5 Use Cases for the Next Great Frontier in IT Services

IT leaders should take note of the industry dynamics and these emerging use cases in order to get ahead of their peers in the next few years.

CIOs and IT leaders are looking to transform their business and enter the digital era, driven by technology advancement and cost containment.

The 2021 Gartner CIO Agenda Survey indicates that artificial intelligence (AI) and machine learning (ML), data and analytics (D&A), cloud/edge and the Internet of things (IoT) will all serve as game changer technologies in the coming year. However, CIOs today consider each technology discretely rather than find the glue between them to serve complex use cases.

Image: Argus - stock.adobe.com

This siloed approach will not bring the same value as when they are viewed as complementary to one another. By 2025, Gartner anticipates half of CIOs and technology buyers will utilize a nexus of cloud, edge, 5G, IoT and D&A technologies for their digital business needs.

Simply put, when combined in a meaningful manner, these technologies will drive the next great frontier in IT services.

Several use cases drive the need for using these technologies in tandem with one another, especially as CIOs accelerate digital transformation across their business and IT operations. These use cases may seem relatively novel today, but by 2025, each of them will become mainstream and shape IT spending, especially in the ongoing pandemic era.

The five use cases that illustrate the power of the nexus of cloud, edge, 5G, AI, IoT, and D&A are the following:

Smart factory

Gartner defines a smart factory — sometimes referred to as the Fourth Industrial Revolution or Industry 4.0 — as a highly digitalized and connected production facility that relies on smart manufacturing. The requirements in building a smart factory are operational efficiency, workplace health and safety, and collaboration with the product design unit at their manufacturing site.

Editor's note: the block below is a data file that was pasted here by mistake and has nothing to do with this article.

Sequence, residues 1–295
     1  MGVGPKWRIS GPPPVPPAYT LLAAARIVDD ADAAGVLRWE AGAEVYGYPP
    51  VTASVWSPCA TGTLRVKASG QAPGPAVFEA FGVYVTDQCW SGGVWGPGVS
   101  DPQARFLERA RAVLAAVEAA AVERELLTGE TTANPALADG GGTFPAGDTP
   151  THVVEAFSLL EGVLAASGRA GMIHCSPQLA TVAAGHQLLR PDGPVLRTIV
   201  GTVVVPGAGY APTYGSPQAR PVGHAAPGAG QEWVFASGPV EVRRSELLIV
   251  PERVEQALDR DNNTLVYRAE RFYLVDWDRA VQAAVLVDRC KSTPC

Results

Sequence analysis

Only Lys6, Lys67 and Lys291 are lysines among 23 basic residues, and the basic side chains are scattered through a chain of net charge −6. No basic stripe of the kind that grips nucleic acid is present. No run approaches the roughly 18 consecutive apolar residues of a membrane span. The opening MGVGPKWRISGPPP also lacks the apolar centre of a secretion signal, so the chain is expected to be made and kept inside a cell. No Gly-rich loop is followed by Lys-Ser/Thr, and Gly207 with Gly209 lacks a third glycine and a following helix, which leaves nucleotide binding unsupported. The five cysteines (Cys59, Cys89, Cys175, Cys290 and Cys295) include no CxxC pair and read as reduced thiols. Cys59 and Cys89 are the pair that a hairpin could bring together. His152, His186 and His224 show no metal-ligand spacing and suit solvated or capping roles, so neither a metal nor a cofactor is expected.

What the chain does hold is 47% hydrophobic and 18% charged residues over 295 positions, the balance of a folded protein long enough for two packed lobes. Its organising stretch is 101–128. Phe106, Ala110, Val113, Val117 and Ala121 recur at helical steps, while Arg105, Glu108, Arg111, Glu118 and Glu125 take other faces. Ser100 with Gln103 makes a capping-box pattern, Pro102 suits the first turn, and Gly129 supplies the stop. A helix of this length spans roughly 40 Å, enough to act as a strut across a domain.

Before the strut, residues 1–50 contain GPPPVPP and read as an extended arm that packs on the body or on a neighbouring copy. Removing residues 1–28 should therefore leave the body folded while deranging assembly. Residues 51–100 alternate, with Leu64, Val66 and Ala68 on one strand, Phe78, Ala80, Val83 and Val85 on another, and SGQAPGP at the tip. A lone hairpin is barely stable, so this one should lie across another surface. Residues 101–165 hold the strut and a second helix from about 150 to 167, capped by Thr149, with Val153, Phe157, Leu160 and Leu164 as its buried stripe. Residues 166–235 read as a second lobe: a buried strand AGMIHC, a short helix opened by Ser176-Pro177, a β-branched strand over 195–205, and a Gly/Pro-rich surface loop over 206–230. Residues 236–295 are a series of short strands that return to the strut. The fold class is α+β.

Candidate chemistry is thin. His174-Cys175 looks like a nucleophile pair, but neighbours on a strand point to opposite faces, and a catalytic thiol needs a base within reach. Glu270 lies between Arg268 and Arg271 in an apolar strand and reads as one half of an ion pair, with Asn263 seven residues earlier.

The nexus of technologies come into play among next-generation smart factories, where services that modernize the manufacturing process and analyze the technical, economic, worker and environmental perspectives will be required. The addition of wireless technologies in smart factories allows for an automated alert system that identifies critical issues and faults that need immediate attention. AI can also be leveraged to build immersive augmented reality experiences, such as computer vision, to monitor worker safety at the factory site as an example.

Drones

Drones and mobile robots have become a common tool in numerous industrial, commercial and consumer settings. These devices are being used for site inspection, mapping, security, asset and inventory tracking, data collection, and more.

The requirements for building a drone include ensuring real-time access to control and telemetry, along with video/payload data from the drone fleet over a secure, reliable interface.

In order to support drones, technology service providers should build a ready-to-use, web-based ground control station application for real-time telemetry, control and video streaming with cloud connectivity over 5G networks. Additionally, they must offer AI platforms that provide a fully automated workflow for preparing datasets, training models and deploying trained models for inferencing. D&A will make way for the processing of large amounts of telemetry data, too.